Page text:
CD Review of Under the Covers, Vol. 2 by Matthew Sweet and Susanna Hoffs
Matthew Sweet and Susanna Hoffs: Under the Covers, Vol. 2
Recommended if you like
Raspberries, Todd Rundgren, Big Star
Shout! Factory
Matthew Sweet and
Susanna Hoffs:
Under the Covers, Vol. 2

Reviewed by Lee Zimmerman

ne would be hard pressed to find two individuals with more established pop credentials. Susanna Hoffs, of course, was one of the prime movers in the Bangles, who, along with the Go-Go’s, broke into the boy’s club by proving that pop smarts had nothing at all to do with gender and that a hook was a hook, regardless of who happened to be serving it up. Matthew Sweet has certainly lived up to his surname, delivering more than two decades’ worth of graceful, gilded melodies that define the very essence of rock ‘n’ roll ambrosia. Either one is capable of serving up a sensational cache of hooks and harmonies on their own terms, but together, their combined commitment to retro reverence is a joy to behold, a synergy that shines with unabated and unabashed exuberance.

The duo’s first joint venture, Under the Covers, Vol. 1, demonstrated how two gifted artists, firmly committed to rejoicing in their roots, could revel in and revive a musical form that too often tends to be shrugged off as banal and insignificant by those mistaking pop for pap because somehow it lacks high-minded precepts or fails to rise to the level of heavy-handed, high-minded proselytizing. Then as now, their song choices speak volumes, and while they render them with the faithful grace that only true devotees could muster, it’s their obvious dedication to the material at hand – and particularly the artists that recorded it originally – that shines through. It makes the liner notes well worth reading, not only to discern who played what – although that’s meaningful too when you’ve coerced Steve Howe to help cover Yes’ "I’ve Seen All Good People/Your Move/Good People" medley, Lindsey Buckingham to guest on Fleetwood Mac’s "Second Hand News," and Dhani Harrison to help give reverent grace to a version of his dad’s "Beware of Darkness" – but also to appreciate how much these songs influenced Sweet and Hoffs’ individual progression as artists and champions of the form. It certainly doesn’t get more indelible than that.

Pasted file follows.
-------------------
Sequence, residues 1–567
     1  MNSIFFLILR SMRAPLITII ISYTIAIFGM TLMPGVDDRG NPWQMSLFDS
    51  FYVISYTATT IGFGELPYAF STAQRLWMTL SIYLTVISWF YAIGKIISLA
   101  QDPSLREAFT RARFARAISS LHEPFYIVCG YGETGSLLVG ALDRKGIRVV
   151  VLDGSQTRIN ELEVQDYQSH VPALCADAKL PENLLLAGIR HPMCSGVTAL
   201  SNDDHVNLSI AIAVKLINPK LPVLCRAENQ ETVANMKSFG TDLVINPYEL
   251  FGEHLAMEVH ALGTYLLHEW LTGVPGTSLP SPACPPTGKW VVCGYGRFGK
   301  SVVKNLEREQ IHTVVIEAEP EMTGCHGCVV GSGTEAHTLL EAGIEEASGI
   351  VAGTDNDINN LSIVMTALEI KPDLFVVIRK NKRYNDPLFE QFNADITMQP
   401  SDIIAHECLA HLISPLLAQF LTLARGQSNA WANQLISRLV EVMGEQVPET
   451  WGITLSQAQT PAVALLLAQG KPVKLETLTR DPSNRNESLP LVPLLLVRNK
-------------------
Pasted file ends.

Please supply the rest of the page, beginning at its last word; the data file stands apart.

Ultimately, though, it’s the subtle touches that elevate each entry. They manifest in the role-switching that finds Hoffs taking the traditional male lead in lamenting "Bell Bottom Blues," affecting the road-weary trucker in "Willin’" or replaying Rod Stewart’s raspy vocal in honoring adolescence via "Maggie May." It’s also apparent in Sweet’s gritty revival of John Lennon’s urgent and anthemic "Gimme Some Truth," and the sheer exhilaration with which he celebrates the sexual liberation that echoes through Eric Carmen’s unmistakable ode to shagging, "Go All the Way." And while most of these songs reveal themselves though a familiar opening riff, there’s also no denying the joy of rediscovery and the flood of emotion that accompanies each well-worn stanza. Anyone who doubts the resonance and resilience of timeless rock ‘n’ roll need only give a listen.

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